We were making California our own, and a lot of other people and properties, and doing it as though butchering Mexican soldiers who were only defending their homeland against invaders wasn’t murder.
What other stuff besides California? Well, Texas, New Mexico, Utah, Nevada, Arizona, and parts of Colorado and Wyoming.
The person congressman Lincoln had in mind when he said what he said was James Polk, our president at the time. Abraham Lincoln said of Polk, his president, our armed forces’ commander-in-chief: “Trusting to escape scrutiny by fixing the public gaze upon the exceeding brightness of military glory, that attractive rainbow that rises in showers of blood —that serpent’s eye, that charms to destroy, he plunged into war.”
Holy smokes! I almost said, “Holy shit!” And I thought I was a writer!
Do you know we actually captured Mexico City during the Mexican War? Why isn’t that a national holiday? And why isn’t the face of James Polk up on Mount Rushmore, along with Ronald Reagan’s?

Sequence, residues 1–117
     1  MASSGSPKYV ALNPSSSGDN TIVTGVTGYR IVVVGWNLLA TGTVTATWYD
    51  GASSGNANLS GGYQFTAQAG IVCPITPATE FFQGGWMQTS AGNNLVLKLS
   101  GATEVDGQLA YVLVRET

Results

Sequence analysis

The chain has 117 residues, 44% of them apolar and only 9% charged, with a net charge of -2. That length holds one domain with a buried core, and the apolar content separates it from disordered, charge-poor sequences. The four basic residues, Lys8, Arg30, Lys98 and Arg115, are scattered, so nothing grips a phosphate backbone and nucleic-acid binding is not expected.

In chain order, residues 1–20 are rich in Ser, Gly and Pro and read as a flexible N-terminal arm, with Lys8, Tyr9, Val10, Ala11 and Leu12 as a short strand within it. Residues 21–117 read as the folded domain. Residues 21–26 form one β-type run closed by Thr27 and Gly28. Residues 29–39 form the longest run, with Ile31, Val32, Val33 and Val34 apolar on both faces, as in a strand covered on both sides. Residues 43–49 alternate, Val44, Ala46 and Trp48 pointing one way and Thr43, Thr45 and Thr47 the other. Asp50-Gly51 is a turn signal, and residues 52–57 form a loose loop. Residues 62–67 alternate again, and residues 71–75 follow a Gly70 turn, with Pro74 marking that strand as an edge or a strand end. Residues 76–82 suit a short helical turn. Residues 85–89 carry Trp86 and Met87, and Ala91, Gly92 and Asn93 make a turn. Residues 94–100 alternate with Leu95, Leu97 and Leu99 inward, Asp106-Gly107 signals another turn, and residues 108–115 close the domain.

What made Mexico so evil back in the 1840s, well before our Civil War, is that slavery was illegal there. Remember the Alamo?
My great-grandfather’s name was Clemens Vonnegut. Small world, small world. This piquant coincidence is not a fabrication. Clemens Vonnegut called himself a “freethinker,” an antique word for humanist. He was a hardware merchant in Indianapolis.
So, 120 years ago, say, there was one man who was both Clemens and Vonnegut. I would have liked being such a person a lot. I only wish I could have been such a person tonight.
I claim no blood relationship with Samuel Clemens of Hannibal, Missouri. “Clemens,” as a first name, is, I believe, like the name “Clementine,” derived from the adjective “clement.” To be clement is to be lenient and compassionate, or, in the case of weather, perfectly heavenly.
So there’s weather again.
This article was adapted from a Clemens Lecture presented in April for the Mark Twain House in Hartford, Conn.